My sobs intensified as I acknowledged this internalized hate. All the times I’ve hated on other woman and on myself.
I’m afraid to be a woman. I apologize for being a woman.
This morning I was lying in bed, hoping it’d be a morning to sleep in a bit, while also simultaneously feeling the guilt of wanting to sleep in starting to rear it’s ugly head, when I heard my boyfriend, as I like to say, bopping around in the kitchen. The guilt took over and I hopped out of bed to let him know he didn’t have to make any breakfast and there were some options in the fridge he could have. When I got to the kitchen I saw he was making lunch. I had forgotten I was planning to make lunch for my boyfriend and I before he left for work.
I felt my stomach drop. I know this sounds dramatic (you’re in good company, as he agreed and shared that particular sentiment), but it did. I started panicking. I looked at the clock realizing I would have just enough time to make it if everything went according to plan. He could tell I was struggling and gave me a hug and laughed a little. I verbalized how hard it was to keep up sometimes with cooking almost all of our meals at home (a new venture of ours). After a few minutes, I insisted he go get ready for work and I’d finish up.
It quickly became clear I was not going to get this done before he left. I felt like a failure. A bad girlfriend.
I shared these worries with him and he asked me, “When did this become all your responsibility?”
I quickly retorted, “Since I work less than you do.”
Before he left, I hugged him and asked, “Aren’t you glad you’re not a woman and don’t have to deal with all this?”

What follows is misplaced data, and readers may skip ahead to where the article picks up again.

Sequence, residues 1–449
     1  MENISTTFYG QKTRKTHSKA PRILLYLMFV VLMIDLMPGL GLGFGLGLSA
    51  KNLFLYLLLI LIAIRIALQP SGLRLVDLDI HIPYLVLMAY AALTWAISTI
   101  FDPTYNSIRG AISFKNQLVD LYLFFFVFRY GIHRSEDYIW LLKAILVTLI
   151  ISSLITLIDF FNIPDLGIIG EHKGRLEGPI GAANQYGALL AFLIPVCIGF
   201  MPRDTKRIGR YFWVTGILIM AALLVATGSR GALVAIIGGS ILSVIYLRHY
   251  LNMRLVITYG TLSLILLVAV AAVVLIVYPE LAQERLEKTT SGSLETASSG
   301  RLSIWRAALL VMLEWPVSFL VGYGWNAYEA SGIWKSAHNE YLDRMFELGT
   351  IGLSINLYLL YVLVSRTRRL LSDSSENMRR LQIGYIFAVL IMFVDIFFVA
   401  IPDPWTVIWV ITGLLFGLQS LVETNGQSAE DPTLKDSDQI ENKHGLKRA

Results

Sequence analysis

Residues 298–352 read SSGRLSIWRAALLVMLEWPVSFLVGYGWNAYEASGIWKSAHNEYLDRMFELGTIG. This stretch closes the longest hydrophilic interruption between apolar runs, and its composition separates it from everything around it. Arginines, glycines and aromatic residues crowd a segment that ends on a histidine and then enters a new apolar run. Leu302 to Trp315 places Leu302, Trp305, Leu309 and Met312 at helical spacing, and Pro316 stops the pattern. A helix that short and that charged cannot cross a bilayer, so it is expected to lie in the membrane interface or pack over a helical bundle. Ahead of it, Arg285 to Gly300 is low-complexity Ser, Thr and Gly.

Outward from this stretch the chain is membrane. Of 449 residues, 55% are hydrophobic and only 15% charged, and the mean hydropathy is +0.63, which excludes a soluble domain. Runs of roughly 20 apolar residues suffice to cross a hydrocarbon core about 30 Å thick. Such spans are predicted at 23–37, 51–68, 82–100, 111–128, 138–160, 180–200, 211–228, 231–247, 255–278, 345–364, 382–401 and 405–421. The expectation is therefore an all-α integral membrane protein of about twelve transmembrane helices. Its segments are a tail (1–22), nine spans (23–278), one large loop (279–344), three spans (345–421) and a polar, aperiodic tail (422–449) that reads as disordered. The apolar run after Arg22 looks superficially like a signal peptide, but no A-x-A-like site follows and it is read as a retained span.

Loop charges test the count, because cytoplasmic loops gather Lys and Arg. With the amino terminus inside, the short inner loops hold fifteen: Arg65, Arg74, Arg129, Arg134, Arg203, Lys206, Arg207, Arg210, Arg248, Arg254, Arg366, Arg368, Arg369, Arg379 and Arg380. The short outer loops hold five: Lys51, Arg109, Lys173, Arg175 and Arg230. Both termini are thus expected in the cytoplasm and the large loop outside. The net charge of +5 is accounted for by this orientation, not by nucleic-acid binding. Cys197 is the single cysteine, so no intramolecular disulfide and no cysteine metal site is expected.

This being what I had thought at the time were premenstrual mood swings and insecurities.
I realized, not then, but hours later while crying in bed on a beautiful Thursday fall afternoon, that I was measuring my worth and my state with a sexist ruler. With this ruler I was the problem. Of course I was.
So, “What does this all have to do with Trump?” you ask, as the title suggests it does in some way.
Great question! Your patience is appreciated.
What I discovered today was that this anxiety I’ve been feeling in no way began on Sunday night, but rather had just picked up speed. Sunday night was the second presidential debate between Donald J. Trump and Hilary Clinton. The debate where Trump was questioned about his comments regarding sexual assault, or as he referred to them “locker room talk” and “just words.”
I didn’t really want to watch the debate, but sometimes the things you don’t want to do are the things you need to do. I can’t figure out if this was one of those times, but it happened nevertheless.
I watched it…and within in minutes I could feel my eyes burning with tears, my chest pounding, my throat tightening, my stomach turning with uneasiness. I covered my face and cried. A feeling came over me that I haven’t felt in a while…